Speech to the Chemistry Club Part 4: The Three Dragons we have to Slay

You may have read some of my previous posts based on my speech to the Chemistry Club, so let’s go back now to the 3 Dragons we have to slay.


St George And The Dragon 1456

Here comes Dragon Number 1, breathing fire.  His name is IGNORANCE and his mantra is “IT does not really matter”.

If you accept that technology is fundamental to the competitive success and cost-base of almost all industries in the UK. And that is is also fundamental to how the public sector interacts with us all as citizens and meets its cost and efficiency challenges. Then why is IT something of a ‘second class citizen’ in the UK?

Every IT conference I go to, someone asks “Why aren’t CIOs on the Board?”  Technology is always somewhere on the Government’s policy agenda – but not at the top.  It sometimes seems to me that the “T” in STEM (i.e. “Science, Technology, Engineering and Maths”) is silent.

I was appalled to be given a lecture by an industrial psychologist at a recent business event on how – as a member of the IT profession – “I must get out more and talk to the business”.

That approach made it sound as if I was wearing sandals, flares and a bad haircut. I loved the “IT Crowd” as a show on Channel 4 – but I do recognise that it played (very successfully) on the stereotype of the techie geek.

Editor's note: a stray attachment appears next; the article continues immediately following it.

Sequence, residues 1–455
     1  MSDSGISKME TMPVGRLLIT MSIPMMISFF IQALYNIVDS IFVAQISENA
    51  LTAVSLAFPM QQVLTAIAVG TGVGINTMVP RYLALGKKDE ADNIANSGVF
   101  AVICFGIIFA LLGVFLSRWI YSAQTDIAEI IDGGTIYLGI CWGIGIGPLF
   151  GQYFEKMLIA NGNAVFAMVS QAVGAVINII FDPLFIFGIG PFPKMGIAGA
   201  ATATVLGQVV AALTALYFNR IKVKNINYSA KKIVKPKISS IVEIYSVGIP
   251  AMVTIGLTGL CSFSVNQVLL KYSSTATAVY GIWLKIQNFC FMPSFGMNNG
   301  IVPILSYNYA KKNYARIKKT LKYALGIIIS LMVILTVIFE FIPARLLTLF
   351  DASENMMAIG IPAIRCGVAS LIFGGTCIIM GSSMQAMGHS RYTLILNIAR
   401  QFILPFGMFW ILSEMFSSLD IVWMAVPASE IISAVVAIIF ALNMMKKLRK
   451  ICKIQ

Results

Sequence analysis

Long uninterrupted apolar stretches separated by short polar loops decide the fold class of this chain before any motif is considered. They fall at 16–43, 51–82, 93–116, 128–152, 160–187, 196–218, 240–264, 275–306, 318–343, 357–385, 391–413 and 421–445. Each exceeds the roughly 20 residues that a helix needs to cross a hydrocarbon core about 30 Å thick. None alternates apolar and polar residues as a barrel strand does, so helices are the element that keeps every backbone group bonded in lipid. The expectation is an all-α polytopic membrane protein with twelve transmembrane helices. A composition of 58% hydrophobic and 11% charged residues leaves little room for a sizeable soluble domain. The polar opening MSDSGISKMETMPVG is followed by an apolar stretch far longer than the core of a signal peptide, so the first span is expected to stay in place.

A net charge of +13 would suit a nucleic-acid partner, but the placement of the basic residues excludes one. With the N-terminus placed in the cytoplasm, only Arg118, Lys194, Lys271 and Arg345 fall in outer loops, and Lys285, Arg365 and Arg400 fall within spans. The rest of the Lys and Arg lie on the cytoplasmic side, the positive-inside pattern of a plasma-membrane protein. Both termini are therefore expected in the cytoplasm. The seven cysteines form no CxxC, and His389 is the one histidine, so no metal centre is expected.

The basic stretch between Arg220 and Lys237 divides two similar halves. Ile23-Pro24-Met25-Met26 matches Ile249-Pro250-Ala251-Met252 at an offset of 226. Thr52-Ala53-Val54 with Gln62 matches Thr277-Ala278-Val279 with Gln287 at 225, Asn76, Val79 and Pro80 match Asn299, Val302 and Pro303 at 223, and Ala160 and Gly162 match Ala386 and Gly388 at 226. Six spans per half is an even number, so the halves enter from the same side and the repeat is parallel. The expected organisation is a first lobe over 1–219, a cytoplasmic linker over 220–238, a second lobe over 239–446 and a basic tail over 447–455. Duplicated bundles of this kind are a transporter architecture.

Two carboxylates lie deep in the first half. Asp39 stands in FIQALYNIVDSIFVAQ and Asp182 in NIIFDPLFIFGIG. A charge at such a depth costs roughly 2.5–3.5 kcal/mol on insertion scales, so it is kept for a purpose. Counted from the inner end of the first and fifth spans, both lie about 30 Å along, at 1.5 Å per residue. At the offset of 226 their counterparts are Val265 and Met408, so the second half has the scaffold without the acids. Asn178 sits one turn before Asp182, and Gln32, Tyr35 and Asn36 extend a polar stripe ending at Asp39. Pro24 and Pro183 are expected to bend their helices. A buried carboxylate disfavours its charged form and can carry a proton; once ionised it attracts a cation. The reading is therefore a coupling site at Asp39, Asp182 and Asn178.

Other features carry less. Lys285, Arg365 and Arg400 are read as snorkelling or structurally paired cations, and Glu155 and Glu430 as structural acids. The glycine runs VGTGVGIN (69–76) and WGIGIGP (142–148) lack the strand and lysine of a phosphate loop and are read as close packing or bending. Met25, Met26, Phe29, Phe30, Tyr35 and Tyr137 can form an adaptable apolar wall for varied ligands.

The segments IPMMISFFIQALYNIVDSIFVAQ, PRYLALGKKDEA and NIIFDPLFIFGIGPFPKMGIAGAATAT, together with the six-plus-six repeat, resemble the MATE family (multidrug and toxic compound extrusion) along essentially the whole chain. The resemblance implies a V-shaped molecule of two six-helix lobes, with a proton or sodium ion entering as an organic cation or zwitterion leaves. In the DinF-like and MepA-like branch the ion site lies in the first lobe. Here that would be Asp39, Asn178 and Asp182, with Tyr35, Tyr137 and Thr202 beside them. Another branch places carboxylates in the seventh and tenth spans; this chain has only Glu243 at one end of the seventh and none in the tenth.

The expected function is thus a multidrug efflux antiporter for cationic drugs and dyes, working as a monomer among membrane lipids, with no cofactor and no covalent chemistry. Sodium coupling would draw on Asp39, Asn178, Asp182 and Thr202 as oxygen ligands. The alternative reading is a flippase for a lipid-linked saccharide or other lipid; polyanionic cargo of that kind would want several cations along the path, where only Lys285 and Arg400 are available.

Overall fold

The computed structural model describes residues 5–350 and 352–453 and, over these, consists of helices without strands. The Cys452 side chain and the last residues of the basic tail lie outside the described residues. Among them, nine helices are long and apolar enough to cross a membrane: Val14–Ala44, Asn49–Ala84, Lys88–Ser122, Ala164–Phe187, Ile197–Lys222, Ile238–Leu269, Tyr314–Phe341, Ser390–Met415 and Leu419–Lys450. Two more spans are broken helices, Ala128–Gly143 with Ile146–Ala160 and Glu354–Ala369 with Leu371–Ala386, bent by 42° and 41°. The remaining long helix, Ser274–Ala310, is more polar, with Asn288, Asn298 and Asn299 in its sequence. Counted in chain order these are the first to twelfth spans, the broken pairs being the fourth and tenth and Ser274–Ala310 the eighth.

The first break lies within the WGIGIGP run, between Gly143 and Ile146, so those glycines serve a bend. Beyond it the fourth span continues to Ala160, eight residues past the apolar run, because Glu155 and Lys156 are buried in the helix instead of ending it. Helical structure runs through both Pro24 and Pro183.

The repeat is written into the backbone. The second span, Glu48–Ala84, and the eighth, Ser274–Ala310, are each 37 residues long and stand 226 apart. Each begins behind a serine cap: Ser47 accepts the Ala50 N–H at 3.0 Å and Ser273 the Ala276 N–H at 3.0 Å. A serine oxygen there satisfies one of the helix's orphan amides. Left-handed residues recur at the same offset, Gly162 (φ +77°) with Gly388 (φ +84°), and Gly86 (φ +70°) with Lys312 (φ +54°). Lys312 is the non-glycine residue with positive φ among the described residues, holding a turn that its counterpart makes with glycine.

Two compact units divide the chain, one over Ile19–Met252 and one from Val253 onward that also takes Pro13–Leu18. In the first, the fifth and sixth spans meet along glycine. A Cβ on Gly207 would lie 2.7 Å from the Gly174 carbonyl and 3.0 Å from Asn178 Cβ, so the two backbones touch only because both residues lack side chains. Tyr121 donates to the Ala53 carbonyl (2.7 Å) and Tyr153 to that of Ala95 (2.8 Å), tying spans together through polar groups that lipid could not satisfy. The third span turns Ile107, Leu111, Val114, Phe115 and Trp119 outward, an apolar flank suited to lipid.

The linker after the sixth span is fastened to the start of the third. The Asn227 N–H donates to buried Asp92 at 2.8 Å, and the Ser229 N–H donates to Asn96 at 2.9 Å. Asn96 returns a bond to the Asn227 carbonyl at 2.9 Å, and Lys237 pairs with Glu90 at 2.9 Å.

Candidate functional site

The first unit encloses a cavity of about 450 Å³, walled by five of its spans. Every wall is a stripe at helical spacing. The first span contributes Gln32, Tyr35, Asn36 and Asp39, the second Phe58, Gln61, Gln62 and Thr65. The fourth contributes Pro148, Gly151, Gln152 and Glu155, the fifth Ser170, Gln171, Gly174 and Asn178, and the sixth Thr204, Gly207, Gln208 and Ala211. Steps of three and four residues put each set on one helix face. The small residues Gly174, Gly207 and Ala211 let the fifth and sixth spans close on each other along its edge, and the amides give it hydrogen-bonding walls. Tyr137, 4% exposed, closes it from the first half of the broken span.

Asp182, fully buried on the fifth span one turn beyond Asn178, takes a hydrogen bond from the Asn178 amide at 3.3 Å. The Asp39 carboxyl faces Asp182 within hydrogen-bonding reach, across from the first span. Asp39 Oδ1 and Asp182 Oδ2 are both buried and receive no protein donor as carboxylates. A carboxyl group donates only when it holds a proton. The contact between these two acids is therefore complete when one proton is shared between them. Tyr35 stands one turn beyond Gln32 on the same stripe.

I just don’t think this kind of conversation about technology happens in Boston, Berkeley, Bangalore or Beijing. As we know, in India and in San Francisco, the heroes are the technology entrepreneurs who have literally transformed their societies, bringing jobs and prosperity to many people.

Two of the founders of the Indian IT industry – who I am pleased and proud to know slightly – are, for instance, engaged in setting up a social security system in the Indian countryside and spreading low-cost mobile banking to farmers.

It should be as unacceptable for a CEO, a Permanent Secretary or a Government Minister to say they do not understand technology as it would be for them to say they can’t read a balance sheet!


The Second fire-breathing Dragon’s name is INCAPACITY, particularly in the quality and effectiveness of IT Training and Education.

We are simply not, in the UK, turning out the number of technology graduates and apprentices that we need:

  • employment in the IT industry is growing nearly 5 times faster than the UK average,
  • 1-in-20 members of the UK work-force is now employed in IT, and
  • at e-skills UK we calculate that over 110,000 new IT professionals are needed each year.

BUT look at the numbers for graduates:

  • only 17% of the intake into the IT industry comes directly from education,
  • the proportion of IT professionals under the age of 30 has fallen from 1-in-3 to under 1-in-5,
  • the number of applicants to computing courses in the UK halved between 2001 and 2007 – down from 31,000 to 15,000, (It has now gone up to 17,000, but is still far too low at 1/2 of what it was and 1/3rd of what it needs to be),
  • The proportion of IT graduates unemployed 6 months after graduation is increasing to 14% – double the average, and